At the statewide level, officeholders consist of the Governor, Lieutenant Governor, Attorney General, Auditor, Secretary of the Commonwealth, Treasurer, and two U.S. Senators. At the district level, officeholders include your U.S. Representative, state Senator, state Representative, Governor's Councilor, District Attorney, and Sheriff.
The responsibility for law-making in Massachusetts lies with the Legislature, which is officially known as the General Court.
- Learn about volunteer opportunities in Massachusetts including Connect and Serve, the statewide volunteer website that helps connect citizens with volunteer organizations in their communities.
The Governor's Statewide Youth Council was created in 2008 to encourage the Commonwealth's young people to take on an active leadership role in their communities and give them a greater voice in state government. It acts an advisory body to the Governor and focuses on youth-related issues such as education, youth violence, economic development and civic engagement. Each of the Commonwealth's 14 counties has two Council representatives that serve 2 year terms.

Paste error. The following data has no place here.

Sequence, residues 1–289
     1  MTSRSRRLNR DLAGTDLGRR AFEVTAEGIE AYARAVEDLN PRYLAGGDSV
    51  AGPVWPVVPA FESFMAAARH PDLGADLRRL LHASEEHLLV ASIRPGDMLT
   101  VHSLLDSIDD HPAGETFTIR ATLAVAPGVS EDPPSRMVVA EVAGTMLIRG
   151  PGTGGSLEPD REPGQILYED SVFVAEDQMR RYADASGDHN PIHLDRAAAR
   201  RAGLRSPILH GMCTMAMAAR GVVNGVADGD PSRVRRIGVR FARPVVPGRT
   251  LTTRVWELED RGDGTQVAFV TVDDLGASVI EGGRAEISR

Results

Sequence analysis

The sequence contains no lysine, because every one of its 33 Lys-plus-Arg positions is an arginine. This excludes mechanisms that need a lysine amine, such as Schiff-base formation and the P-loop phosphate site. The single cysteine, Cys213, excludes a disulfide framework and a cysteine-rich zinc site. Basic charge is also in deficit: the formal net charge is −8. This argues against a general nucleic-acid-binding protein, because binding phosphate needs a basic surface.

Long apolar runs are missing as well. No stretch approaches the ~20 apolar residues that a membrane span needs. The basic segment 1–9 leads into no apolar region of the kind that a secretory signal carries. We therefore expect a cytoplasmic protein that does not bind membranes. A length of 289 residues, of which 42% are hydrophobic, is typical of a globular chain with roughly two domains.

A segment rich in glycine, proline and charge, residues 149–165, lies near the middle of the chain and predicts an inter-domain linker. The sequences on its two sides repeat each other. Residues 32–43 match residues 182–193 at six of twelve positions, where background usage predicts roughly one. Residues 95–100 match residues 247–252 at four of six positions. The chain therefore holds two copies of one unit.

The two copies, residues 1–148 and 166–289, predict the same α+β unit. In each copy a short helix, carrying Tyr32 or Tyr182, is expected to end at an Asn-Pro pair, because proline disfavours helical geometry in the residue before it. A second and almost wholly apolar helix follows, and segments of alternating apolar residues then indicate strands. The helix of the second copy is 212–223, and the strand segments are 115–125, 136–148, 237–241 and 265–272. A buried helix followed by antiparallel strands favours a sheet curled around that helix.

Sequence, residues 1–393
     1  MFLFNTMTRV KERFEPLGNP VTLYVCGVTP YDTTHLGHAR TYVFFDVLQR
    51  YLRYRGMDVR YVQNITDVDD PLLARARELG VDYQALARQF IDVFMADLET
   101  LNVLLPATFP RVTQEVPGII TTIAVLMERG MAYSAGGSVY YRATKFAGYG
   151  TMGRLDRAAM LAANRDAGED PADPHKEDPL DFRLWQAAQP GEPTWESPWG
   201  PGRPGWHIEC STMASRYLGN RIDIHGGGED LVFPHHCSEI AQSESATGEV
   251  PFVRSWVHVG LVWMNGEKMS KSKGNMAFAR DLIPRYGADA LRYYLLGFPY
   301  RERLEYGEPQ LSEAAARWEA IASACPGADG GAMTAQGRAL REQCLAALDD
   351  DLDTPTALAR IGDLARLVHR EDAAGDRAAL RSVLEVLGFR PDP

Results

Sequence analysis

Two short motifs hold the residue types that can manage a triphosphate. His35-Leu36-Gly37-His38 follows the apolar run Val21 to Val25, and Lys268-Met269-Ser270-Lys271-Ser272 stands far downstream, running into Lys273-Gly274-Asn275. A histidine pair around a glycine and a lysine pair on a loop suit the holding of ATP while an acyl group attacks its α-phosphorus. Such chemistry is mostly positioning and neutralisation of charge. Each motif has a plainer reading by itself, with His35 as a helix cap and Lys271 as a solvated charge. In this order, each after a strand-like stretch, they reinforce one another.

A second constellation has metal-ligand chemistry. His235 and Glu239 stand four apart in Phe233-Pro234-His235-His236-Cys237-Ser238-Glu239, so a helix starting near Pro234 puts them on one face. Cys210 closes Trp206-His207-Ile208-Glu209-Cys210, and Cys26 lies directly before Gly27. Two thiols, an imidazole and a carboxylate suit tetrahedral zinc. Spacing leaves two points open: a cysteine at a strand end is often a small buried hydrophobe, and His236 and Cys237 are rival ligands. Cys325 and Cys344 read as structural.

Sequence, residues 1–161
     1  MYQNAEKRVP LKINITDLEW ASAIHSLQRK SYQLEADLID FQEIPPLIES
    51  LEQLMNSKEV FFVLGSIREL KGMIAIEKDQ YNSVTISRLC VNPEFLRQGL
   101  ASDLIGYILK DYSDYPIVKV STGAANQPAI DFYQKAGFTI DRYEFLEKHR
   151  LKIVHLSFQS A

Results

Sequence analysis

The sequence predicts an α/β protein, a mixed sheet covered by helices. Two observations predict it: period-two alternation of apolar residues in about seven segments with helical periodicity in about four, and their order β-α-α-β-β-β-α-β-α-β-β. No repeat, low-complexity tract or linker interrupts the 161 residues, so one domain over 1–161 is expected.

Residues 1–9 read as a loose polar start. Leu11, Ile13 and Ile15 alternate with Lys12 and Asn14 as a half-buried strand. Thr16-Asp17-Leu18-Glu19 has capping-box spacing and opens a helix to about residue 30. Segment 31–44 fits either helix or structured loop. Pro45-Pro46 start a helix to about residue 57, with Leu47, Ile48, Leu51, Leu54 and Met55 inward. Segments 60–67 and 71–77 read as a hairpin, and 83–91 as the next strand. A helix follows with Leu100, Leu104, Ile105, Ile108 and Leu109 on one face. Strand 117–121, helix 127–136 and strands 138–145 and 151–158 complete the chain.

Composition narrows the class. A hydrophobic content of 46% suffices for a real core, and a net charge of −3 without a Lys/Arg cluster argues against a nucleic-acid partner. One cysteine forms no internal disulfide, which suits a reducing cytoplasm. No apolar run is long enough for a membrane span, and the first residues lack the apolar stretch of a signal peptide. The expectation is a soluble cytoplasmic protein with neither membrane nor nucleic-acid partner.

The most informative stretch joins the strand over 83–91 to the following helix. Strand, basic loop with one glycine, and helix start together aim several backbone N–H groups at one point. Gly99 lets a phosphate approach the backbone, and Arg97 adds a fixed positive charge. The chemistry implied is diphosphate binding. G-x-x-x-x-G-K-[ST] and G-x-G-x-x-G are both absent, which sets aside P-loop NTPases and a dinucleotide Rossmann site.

Currently, the Governor's Office of Community Affairs is accepting applications for the 2012-2014 Youth Council. Applicants should be passionate, motivated, emerging leaders between the ages of 14 and 20 with an interest in public service. Responsibilities will include: attending monthly meetings and conference calls, advocating for youth issues and incorporating the ideas of other youth and young adults into the creation of effective policy. The deadline for applications is Friday, May 25, 2012.
The Massachusetts open meeting law requires that most government entities' meetings be open to the public, that notice of such meetings be publicly posted, and that accurate records of the meeting be kept and made available to the public. The Attorney General is responsible for enforcement of the law.
- Learn more about the many different ways you can interact with state government online such as blogs, RSS and social media.
- There are over 700 boards and commissions dealing with virtually every state department and public policy area. Learn more about them and ways you can get involved.
Several agencies have hotlines for public and state employees to report suspected fraud, waste, abuse, and misconduct. A task force has been created to enable these agencies to coordinate their efforts.